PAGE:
Below is my op-ed regarding how Susan Davis should adjust her strategy to focus on local, rather than national, issues in order to represent immigrants better in her district. See the Abstract below for a comprehensive summary of my approach.
Immigration in CA-53: Recommendations for Susan Davis
Susan Davis, the congressional representative of CA-53, treats immigration as an important issue and is historically in favor of humanitarian and pro-immigration efforts. Much of the work mentioned under the “Immigration” tab on her website is in response to national immigration issues; however, there is room for improvement on support of local issues. Current scholarship indicates that districts like CA-53 — districts that are undergoing demographic changes, especially those observed in CA-53, and are close to the border geographically — are prone to intergroup tensions. I performed a media content analysis of the San Diego Union Tribune (SDUT) and concluded that San Diego, and subsequently CA-53, may be currently experiencing these tensions in line with current scholarships predictions. Davis’ support for immigration on a national level is excellent, but more emphasis on its local implications is prudent.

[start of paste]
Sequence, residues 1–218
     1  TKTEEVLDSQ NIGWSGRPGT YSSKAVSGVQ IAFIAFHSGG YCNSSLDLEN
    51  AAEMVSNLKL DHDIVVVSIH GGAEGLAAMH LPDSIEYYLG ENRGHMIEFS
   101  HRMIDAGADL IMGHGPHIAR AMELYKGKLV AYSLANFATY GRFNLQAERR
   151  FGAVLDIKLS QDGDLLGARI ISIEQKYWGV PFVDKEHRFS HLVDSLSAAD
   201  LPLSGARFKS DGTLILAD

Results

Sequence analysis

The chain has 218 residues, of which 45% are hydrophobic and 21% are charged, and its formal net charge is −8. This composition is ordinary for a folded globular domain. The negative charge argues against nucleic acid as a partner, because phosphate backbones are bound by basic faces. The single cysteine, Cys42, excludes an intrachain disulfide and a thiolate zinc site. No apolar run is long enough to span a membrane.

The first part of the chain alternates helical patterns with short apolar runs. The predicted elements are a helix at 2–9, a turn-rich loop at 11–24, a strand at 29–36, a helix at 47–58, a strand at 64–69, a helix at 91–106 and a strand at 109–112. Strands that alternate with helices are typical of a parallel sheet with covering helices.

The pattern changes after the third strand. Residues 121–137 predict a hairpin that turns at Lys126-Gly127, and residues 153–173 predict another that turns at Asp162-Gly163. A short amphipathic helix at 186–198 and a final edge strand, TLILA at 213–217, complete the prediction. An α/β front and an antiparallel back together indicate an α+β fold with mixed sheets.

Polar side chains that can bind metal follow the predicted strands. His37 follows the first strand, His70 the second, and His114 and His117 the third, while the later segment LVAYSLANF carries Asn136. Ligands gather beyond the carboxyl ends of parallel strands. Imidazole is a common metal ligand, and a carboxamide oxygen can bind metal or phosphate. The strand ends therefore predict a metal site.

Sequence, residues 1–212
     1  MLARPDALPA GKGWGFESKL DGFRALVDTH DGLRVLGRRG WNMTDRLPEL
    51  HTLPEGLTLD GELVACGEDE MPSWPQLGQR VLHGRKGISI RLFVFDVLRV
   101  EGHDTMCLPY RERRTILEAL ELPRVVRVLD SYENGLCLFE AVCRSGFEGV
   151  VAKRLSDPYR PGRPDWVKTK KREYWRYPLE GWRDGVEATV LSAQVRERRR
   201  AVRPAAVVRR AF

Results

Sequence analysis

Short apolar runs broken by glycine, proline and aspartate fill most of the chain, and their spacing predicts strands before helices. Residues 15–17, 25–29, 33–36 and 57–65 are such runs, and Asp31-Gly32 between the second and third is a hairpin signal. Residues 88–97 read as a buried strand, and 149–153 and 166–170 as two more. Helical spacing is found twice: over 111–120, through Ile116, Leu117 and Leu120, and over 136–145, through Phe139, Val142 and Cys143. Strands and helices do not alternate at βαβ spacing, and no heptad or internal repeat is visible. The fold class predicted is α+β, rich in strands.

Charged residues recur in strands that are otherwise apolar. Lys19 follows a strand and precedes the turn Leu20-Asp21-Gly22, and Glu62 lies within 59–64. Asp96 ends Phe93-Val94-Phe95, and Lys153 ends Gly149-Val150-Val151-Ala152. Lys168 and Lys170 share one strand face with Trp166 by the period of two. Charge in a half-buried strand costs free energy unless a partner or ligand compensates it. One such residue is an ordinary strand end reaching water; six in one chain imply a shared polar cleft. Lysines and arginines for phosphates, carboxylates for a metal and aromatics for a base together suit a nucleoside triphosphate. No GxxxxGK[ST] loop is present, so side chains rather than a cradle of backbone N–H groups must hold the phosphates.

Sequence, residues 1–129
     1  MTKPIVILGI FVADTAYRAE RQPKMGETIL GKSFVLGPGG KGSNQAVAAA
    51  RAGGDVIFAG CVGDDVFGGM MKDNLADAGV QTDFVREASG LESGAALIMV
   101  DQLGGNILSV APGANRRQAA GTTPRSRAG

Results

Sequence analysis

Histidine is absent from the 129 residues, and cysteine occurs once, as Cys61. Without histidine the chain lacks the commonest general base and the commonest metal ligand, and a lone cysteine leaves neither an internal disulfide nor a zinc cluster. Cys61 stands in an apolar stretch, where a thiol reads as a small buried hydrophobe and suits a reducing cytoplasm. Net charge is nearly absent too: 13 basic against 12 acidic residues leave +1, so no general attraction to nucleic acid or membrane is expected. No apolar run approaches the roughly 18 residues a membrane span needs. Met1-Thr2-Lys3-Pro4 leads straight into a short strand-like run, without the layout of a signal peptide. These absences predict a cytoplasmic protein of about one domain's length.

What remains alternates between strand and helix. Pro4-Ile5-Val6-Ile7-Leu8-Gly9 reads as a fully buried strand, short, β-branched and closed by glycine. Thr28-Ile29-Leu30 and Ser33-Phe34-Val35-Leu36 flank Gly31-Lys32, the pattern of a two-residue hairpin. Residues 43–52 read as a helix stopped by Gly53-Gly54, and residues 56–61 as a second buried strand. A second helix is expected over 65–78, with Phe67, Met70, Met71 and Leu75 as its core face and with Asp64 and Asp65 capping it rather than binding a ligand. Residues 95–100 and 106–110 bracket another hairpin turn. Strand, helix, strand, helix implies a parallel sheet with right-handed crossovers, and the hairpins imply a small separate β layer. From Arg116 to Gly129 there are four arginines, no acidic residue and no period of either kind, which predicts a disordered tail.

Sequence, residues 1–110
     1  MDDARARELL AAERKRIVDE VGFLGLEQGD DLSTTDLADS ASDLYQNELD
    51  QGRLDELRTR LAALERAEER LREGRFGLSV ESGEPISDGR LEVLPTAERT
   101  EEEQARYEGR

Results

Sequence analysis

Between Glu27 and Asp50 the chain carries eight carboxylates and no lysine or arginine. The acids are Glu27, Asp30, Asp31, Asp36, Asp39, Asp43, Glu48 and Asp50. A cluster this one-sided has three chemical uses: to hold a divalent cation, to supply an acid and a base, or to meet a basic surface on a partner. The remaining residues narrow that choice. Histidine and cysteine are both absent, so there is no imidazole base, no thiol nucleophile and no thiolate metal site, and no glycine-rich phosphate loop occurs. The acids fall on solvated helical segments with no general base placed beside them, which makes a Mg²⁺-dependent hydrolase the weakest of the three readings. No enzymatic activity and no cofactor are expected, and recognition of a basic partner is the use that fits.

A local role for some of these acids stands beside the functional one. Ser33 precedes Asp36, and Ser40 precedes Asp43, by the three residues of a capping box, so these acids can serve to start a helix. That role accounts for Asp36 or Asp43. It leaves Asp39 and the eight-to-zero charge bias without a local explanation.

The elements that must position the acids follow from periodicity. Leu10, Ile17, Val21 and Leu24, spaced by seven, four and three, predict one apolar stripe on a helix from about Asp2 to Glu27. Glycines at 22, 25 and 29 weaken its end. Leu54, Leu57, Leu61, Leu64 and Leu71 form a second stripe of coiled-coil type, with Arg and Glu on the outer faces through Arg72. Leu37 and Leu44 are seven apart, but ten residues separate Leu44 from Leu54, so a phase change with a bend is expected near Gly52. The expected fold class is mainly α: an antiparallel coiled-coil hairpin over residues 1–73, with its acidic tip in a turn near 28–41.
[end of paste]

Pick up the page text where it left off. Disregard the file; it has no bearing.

Current scholarship, as well as common sense, primes immigration to be a highly salient topic in regions close to the international border (Branton et al. 2009). CA-53 has been experiencing some demographic shifts communicated to researchers in the differences between the demographics reported in 2007 and 2017 according to the US Census Bureau’s American Fact Finder. Specifically, CA-53 has experienced a large decrease in White, small increase in Hispanic or Latino, and small increase in immigrant populations. Pertinent to these changes in CA-53: scholarship indicates that changing demographics lead to intergroup tensions and increased Hispanic and immigrant populations both lead to increased hostility over immigration. (Enos 2014, Adida et al. 2018, Hopkins 2010).